(1.) Much profane wit has been expended on the miraculous means of Jonah's deliverance, very unnecessarily and very absurdly; it is simply said, "The Lord had prepared a great fish to swallow up Jonah." Now the species of marine animal is not defined, and the Greek κῆτος is often used to specify, not the genus whale, but any large fish or sea monster. All objections to its being a whale which lodged Jonah in its stomach, from its straitness of throat or rareness of haunt in the Mediterranean, are thus removed. Hesychius explains κῆτος as θαλάσσιος ἰχθὑς παμμεγἐθης. Eustathius explains its correspondent adjective κητώεσσαν by μεγάλην (in the Iliad, 2:581). Diodorus Siculus speaks of terrestrial monsters as κητώδη ζῶα, and describes a huge fish as κῆτος ἄπιστον τὸ μέγεθος. The Scripture thus speaks only of an enormous fish, which under God's direction swallowed the prophet, and does not point out the species to which the voracious prowler belonged. There is little ground for the supposition of bishop Jebb, that the asylum of Jonah was not in the stomach of a whale, but in a cavity of its throat, which, according to naturalists, is a very capacious receptacle, sufficiently large, as captain Scoresby asserts, to contain a merchant ship's jolly boat full of men (bishop Jebb, Sacred Literature, p. 178). Since the days of Bochart it has been a common opinion that the fish was of the shark species, Lamia canis carcharias, or "sea dog" (Bochart, Op. 3, 72; Calmet's Dissertation sur Jonah). Entire human bodies have been found in some fishes of this kind. The stomach, too, has no influence on any living substance admitted into it. Granting all these facts as proof of what is termed the economy of miracles, still must we say, in reference to the supernatural preservation of Jonah, Is anything too hard for the Lord? SEE WHALE.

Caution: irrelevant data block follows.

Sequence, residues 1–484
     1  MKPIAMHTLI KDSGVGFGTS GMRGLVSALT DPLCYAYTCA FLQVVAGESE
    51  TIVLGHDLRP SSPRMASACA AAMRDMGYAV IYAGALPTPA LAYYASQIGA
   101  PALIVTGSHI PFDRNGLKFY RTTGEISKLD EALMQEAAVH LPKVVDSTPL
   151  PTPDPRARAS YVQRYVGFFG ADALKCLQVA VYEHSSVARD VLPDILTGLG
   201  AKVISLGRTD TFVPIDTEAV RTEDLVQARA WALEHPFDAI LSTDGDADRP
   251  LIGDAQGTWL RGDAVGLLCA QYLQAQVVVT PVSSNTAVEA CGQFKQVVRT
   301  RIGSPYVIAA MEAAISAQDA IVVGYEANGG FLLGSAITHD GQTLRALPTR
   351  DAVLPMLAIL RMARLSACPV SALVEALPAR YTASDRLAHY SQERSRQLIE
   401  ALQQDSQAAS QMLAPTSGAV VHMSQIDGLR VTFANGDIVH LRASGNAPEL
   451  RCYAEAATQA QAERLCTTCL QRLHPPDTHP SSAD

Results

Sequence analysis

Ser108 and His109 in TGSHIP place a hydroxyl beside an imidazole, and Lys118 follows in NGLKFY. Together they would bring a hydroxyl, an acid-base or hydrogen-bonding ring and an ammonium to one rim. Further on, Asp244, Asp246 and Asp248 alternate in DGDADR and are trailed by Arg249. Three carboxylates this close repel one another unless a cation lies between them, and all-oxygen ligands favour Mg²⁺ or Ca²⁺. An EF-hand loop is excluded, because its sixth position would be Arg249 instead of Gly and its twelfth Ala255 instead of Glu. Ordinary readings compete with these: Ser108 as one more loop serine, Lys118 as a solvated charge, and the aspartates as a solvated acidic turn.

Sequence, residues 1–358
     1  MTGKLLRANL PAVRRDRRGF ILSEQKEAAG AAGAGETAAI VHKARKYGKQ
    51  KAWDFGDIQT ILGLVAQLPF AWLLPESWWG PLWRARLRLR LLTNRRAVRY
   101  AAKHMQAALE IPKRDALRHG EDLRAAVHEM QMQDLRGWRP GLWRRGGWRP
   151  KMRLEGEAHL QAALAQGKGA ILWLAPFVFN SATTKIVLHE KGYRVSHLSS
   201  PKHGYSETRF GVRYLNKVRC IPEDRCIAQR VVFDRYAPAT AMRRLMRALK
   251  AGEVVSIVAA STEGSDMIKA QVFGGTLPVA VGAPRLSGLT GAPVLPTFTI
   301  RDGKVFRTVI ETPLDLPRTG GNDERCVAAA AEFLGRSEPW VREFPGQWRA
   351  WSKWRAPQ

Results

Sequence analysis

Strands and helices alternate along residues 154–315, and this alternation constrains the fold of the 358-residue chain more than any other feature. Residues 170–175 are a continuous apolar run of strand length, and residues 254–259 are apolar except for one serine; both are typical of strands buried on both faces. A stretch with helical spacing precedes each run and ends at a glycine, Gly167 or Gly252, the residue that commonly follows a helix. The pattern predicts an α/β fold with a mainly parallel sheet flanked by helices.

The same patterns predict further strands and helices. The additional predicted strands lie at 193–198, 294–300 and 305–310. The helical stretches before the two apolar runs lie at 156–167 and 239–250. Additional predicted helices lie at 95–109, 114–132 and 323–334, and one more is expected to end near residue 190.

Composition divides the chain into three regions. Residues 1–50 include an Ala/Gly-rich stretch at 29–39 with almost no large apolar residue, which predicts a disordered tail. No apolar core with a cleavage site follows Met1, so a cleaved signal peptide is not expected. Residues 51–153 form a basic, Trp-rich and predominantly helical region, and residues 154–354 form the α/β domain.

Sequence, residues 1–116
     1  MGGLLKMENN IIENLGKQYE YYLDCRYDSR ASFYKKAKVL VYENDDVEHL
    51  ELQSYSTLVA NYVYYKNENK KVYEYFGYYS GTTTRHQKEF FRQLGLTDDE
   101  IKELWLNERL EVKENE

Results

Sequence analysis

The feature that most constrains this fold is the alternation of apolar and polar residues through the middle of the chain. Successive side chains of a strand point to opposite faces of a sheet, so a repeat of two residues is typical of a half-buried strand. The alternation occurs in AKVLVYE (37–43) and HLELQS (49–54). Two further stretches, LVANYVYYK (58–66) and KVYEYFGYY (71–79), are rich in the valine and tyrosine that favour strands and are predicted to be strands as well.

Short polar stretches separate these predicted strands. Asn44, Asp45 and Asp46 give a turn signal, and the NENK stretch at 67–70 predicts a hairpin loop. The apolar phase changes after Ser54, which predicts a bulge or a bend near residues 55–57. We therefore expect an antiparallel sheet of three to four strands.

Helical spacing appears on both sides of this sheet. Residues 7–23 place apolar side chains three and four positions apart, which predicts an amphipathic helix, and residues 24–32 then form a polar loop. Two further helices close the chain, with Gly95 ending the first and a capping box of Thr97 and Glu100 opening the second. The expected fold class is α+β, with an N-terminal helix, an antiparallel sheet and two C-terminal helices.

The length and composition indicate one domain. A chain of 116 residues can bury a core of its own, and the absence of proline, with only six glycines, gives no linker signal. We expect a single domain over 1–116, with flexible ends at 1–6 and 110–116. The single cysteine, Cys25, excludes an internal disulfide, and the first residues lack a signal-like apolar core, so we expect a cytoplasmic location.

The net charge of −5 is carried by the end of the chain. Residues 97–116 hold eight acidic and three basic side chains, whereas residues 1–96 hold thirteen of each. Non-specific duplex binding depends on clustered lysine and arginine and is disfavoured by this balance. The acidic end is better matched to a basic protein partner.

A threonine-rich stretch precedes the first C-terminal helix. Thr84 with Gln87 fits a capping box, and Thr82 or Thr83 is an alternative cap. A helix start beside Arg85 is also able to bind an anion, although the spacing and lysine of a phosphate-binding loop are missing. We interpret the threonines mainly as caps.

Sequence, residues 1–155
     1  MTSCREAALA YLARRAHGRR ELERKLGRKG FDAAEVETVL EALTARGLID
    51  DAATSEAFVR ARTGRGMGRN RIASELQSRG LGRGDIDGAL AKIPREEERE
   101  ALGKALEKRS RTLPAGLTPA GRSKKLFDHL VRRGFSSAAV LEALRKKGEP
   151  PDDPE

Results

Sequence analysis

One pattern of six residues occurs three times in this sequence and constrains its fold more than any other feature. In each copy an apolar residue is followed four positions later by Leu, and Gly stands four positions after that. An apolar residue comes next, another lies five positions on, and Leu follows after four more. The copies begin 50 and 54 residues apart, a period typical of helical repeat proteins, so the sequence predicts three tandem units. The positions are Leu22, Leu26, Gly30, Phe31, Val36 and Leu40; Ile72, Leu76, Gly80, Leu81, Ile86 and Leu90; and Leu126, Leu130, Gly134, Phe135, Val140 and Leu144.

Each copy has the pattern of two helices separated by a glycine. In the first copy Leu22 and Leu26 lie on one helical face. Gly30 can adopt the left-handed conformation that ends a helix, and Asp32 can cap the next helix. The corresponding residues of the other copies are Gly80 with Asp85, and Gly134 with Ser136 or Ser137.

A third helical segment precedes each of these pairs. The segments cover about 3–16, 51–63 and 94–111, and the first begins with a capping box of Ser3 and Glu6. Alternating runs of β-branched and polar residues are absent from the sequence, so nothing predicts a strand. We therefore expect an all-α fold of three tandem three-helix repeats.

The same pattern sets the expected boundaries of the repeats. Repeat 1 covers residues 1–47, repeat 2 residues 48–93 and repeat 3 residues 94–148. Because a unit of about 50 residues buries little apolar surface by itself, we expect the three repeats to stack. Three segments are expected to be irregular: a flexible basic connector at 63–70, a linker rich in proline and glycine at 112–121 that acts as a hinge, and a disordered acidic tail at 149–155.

(2.) What is said about the size of Nineveh, also, is in accordance with fact (see Pict. Bible, note, ad loc.). It was "an exceeding great city of three days' journey." Built in the form of a parallelogram, it made, according to Diodorus (2:7), a circuit of 480 furlongs, or about 60 miles. It has been usual, since the publication of Layard's Nineveh, to say that the great ruins of Koyunjik, Nimrûd, Keremles, and Khorsabad form such a parallelogram, the distances from north to south being about 18 miles, and from east to west about 12; the longer sides thus measuring 36 miles, and the shorter ones 24. But against this view professor Rawlinson has recently urged, with considerable force, that the four great ruins bore distinct local titles; that Nimrûd, identified with Calah, is mentioned in Scripture as a place so far separated from Nineveh that "a great city" Resen lay between them (Ge 10:12); that there are no signs of a continuous town; and that the four sites are fortified "on what would be the inside of the city." Still Nineveh, as represented by the ruins of Koyunjik and Nebbi-Yunus, or Tomb of Jonah, was of an oblong shape, with a circuit of about eight miles, and was therefore a place of unusual size" an exceeding great city." The phrase, "three days' journey," may mean that it would take that time to traverse the city and proclaim through all its localities the divine message; and the emphatic point then is, that at the end of his first day's journey the preaching of Jonah took effect. The clause, "that cannot discern their right hand from their left hand," probably denotes children, and 120,000 of these might represent a population of more than half a million (Rawlinson's Five Great Monarchies, 1, 310; Sir Henry Rawlinson's Comment. on Cuneif. Inscriptions, p. 17; Captain Jones's Topography of Nineveh, in the Jour. of As. Society, 15, 298). Jonah entered the city "a day's journey," that is, probably went from west to east uttering his incisive and terrible message. The sublime audacity of the stranger the ringing monotony of his sharp, short cry had an immediate effect. The story of his wonderful deliverance had perhaps preceded him (Thomson, Land and Book, 1, 100). The people believed God, and proclaimed a fast, and man and beast fasted alike. The exaggeration ascribed to, this picture adds to its credibility, so prone is Oriental nature to extremes. If the burden of Jonah was to have any effect at all, one might say that it must be profound and immediate. It was a panic we dare not call it a revival, or, with Dr. Pusey, dignify it into conversion. There was plainly no permanent result. After the sensation had passed away, idolatry and rapacity resumed their former sway, as is testified by the prophets Isaiah, Nahum, and Zephaniah; yet the appalled conscience of Nineveh did confess its "evil and its violence" as it groveled in the dust. Various causes may have contributed to deeper this consternation — the superstition of the people, and the sudden and unexplained appearance of the foreigner with his voice of doom. "The king," as Layard says, "might believe him to be a special minister from the supreme deity of the nation," and it was only "' when the gods themselves seemed to interpose that any check was placed on the royal pride and lust." Layard adds, "It was not necessary to the effect of his preaching that Jonah should be of the religion of the people of Nineveh. I have known a Christian priest frighten a whole Mussulman town to tents and repentance by publicly proclaiming that he had received a divine mission to announce a coming earthquake or plague" (Nineveh and Babylon, p. 632). The compulsory mourning of the brute creation has at least one analogy in the lamentation made over the Persian general Masistius: "The horses and beasts of burden were shaved" (Herodotus, 9:24). According to Plutarch, also, Alexander continued the observance of a similar custom on the death of Hephaestion. Therefore, in the accessories of the narrative there is no violation of probability — all is in accordance with known customs and facts. See Nineveh.